For backward compatibility and more coarse management, we bundle a set of permissions into a Role. In particular, users generated in earlier releases remain associated with their roles. This requirement modifies the top-level model as follows:
We apply this user authorization model to the following:
- Three categories of users: Internal, LDAPLightweight Directory Access Protocol, and SSOSingle Sign-On users. SSOSingle Sign-On users are represented by expressions or by internal CORE users that represent them.
- Two categories of permissions: permissions to handle crypto objects and the partition housekeeping permissions.
The detailed model below combines all these elements. It also shows the categories of the objects and operations that are addressed by user authorization. The following sections address each block in the model.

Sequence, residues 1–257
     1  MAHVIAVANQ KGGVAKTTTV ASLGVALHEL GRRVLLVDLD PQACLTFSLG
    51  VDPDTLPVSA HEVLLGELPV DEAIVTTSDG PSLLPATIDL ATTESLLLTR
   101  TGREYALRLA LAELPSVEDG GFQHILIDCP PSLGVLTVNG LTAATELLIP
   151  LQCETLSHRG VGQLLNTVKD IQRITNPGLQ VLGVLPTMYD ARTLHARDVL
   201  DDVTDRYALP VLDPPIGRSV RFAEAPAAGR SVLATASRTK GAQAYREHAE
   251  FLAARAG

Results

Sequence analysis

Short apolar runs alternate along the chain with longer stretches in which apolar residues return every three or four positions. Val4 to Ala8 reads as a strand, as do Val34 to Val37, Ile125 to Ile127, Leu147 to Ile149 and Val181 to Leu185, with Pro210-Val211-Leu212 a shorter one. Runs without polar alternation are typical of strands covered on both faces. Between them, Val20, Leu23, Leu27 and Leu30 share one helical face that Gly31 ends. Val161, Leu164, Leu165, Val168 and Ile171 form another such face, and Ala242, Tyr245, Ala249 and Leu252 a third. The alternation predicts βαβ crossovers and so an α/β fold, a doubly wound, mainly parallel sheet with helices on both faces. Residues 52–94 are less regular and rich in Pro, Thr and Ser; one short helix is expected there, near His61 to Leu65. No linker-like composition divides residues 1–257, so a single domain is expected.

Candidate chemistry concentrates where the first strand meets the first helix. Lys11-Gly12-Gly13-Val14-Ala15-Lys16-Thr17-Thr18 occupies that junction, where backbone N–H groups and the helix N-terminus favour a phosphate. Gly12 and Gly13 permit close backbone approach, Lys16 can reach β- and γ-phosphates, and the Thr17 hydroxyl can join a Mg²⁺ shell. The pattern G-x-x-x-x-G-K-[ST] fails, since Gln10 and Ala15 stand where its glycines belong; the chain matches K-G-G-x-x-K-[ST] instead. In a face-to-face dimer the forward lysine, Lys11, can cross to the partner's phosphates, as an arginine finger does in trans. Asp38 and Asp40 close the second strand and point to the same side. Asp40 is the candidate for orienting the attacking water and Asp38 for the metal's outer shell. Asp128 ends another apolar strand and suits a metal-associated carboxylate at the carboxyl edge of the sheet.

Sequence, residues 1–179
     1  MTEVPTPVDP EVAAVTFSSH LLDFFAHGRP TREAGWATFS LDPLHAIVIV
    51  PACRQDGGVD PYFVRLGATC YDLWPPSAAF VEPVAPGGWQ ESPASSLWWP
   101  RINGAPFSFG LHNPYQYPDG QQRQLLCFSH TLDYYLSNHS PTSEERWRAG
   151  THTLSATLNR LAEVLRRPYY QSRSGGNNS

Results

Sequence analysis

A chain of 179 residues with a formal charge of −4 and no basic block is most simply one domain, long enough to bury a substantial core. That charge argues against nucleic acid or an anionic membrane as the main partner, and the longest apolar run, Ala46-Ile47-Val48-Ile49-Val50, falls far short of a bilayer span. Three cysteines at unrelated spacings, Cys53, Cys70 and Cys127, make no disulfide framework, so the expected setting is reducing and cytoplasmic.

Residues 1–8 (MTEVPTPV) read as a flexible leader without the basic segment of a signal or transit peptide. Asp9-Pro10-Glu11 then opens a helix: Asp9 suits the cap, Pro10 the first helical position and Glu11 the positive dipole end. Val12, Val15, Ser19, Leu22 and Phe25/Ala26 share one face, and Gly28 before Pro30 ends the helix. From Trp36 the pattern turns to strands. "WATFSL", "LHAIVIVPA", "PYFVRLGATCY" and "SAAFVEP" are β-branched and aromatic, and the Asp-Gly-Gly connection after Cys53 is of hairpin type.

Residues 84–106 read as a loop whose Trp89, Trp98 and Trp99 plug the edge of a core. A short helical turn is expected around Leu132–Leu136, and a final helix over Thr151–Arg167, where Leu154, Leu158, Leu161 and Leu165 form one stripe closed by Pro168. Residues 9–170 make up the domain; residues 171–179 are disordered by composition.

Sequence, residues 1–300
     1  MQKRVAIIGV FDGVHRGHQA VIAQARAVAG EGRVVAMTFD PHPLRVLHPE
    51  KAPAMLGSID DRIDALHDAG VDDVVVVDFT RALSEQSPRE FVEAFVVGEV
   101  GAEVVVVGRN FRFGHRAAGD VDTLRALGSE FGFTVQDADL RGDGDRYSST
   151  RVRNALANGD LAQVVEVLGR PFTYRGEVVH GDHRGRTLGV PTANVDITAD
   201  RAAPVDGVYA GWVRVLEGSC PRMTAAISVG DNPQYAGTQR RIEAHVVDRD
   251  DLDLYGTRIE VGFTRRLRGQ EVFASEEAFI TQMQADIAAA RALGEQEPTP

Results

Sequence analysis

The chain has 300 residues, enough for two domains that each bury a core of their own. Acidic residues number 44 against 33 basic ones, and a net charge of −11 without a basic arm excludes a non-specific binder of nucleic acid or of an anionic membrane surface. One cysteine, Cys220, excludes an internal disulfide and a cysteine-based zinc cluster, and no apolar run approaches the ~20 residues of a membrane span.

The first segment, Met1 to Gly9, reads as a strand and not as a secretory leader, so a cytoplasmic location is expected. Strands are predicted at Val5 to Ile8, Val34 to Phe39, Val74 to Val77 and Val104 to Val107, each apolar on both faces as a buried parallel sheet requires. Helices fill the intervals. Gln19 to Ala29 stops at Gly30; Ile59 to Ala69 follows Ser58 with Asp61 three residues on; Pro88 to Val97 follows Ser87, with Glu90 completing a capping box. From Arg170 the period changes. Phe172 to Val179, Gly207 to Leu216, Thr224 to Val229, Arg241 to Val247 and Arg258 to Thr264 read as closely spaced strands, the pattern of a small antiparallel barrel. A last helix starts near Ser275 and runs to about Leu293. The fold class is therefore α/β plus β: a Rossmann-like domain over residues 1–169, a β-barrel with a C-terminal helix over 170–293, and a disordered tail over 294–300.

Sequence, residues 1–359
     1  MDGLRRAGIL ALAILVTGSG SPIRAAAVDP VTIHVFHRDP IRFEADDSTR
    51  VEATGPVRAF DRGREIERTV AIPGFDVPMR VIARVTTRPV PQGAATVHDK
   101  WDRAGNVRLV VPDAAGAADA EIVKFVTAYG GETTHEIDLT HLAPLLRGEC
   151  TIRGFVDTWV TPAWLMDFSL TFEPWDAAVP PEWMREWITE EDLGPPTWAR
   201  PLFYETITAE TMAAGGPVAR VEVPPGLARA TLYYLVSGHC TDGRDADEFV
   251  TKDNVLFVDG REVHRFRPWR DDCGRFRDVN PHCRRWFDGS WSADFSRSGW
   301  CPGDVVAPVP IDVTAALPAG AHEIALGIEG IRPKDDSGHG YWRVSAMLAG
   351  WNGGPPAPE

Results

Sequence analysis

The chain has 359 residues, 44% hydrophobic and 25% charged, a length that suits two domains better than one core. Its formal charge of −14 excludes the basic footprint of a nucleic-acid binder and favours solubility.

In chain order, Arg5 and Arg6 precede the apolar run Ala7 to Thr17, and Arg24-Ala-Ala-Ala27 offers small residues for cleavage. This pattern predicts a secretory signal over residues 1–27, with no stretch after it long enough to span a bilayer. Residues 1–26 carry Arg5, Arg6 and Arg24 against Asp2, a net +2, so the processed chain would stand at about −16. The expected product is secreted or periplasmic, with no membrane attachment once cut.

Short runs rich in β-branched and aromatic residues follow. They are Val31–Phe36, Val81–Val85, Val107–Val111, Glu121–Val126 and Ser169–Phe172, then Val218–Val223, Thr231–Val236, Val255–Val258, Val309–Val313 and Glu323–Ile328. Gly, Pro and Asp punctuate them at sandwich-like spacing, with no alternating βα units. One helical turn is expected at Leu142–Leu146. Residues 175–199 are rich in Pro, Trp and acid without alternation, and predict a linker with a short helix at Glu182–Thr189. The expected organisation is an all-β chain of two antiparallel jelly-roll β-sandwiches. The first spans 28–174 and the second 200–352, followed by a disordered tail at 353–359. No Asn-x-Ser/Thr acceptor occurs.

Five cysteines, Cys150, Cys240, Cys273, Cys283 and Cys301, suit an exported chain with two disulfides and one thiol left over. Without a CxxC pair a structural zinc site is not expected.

A CORE partition user group ties up its members with a role or a set of roles granted to the group's members. A user group specifies:
- The list of internal CORE users that are members of this group.
- Note: the default "user" may be assigned any role but it can't be a member of a user group.
- A regular expression that identifies the SSOSingle Sign-On members of the group using personal information provided by the OIDCOpenID Connect is identity layer on top of the OAuth 2.0 protocol Provider.
- The list of roles granted to the group members.
Permissions from all roles specified in a user group are granted to a member of a user group.